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Michigan State


MSU is committed to supporting a sustainable and healthy food system. Food comes to campus in a variety of ways, but the most influential factor in the university food system is Residential and Hospitality Services (RHS).


Residential and Hospitality Services

The RHS food network encompasses Culinary Services Residential Dining, retail locations and an on-campus food truck, Central Warehousing, MSU Bakers and the Spartan Hospitality Group, which includes the Kellogg Center, the State Room restaurant and Spartan Signature Catering. RHS provides approximately 35,000 meals per day in 10 dining halls on campus and houses 14,500 students during the regular academic year.

RHS is working to reduce the university’s environmental footprint and close the loop on a sustainable food cycle through programs and partnerships. The RHS Sustainable Food Procurement Guide (PDF) outlines existing and potential supply chain partners as MSU strives to make increasingly responsible choices in food service sourcing.

A photo featuring students in the Residential Initiative for the Study of the Environment (RISE) program working in the Bailey GREENhouse.

Bailey GREENhouse

The Bailey GREENhouse is one of MSU’s many hoop houses, or unheated passive solar greenhouses, used to help farmers extend the growing season and increase, vegetable, fruit and herb production. This urban garden is staffed by students in the Residential Initiative for the Study of the Environment (RISE) program who supply herbs and greens to campus dining facilities. In addition to providing campus with home-grown herbs, the GREENhouse provides an opportunity to experience a sustainable food cycle first-hand — as the plants are grown in soil with composted pre-consumer food waste from Brody Square.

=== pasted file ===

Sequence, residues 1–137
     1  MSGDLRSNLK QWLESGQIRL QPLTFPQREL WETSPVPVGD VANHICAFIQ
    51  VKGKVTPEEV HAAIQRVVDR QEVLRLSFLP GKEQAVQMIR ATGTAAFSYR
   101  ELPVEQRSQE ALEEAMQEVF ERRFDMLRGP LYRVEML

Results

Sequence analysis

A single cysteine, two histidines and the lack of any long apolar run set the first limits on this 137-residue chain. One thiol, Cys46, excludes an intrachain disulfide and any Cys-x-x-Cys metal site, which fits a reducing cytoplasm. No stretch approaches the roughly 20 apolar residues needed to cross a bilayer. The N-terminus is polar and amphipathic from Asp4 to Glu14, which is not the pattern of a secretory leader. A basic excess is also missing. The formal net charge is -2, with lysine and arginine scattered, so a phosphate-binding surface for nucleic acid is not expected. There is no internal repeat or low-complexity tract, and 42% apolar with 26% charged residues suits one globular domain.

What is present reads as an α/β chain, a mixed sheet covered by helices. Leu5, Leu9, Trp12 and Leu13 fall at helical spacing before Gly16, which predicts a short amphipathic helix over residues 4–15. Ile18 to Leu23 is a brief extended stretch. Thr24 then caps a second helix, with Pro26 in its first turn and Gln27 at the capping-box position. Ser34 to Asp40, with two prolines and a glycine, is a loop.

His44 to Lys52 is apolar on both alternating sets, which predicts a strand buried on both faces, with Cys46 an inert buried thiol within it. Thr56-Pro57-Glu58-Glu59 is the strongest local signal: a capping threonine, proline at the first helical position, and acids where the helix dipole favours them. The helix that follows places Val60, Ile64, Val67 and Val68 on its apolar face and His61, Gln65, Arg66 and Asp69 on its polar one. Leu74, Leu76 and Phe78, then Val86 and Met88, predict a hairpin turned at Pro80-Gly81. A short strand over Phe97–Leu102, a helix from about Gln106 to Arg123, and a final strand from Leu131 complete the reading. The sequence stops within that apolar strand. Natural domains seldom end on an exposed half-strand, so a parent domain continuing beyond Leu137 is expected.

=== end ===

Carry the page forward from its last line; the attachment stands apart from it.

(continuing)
In this photo, we get a close-up view of vermicomposting, as a student cups a handful of worms and soil.


Composting, or speeding up the decomposition process of organic materials, is an essential practice for the university because it closes the campus food cycle loop. Currently, compost at MSU is produced via:

  • Anaerobic digesting: The South Campus Anaerobic Digester converts organic waste from MSU’s farms and dining halls into methane gas. The methane, a renewable energy source, is used to produce electricity for some of the buildings on MSU’s south campus. Solid materials that are left over after digestion are used in compost mixtures.
  • Traditional “hot” composting: Pre-consumer food waste is gathered from the dining halls on campus and transported to the Student Organic Farm for traditional composting.
  • Vermicomposting: Worms digest food scraps and turn the material into worm castings, which are full of nutrients and micro-organisms that are beneficial for growing plants.

If you are interested in composting on campus, MSU Recycling’s Compost Club is an organic waste management service provided to on-campus departments.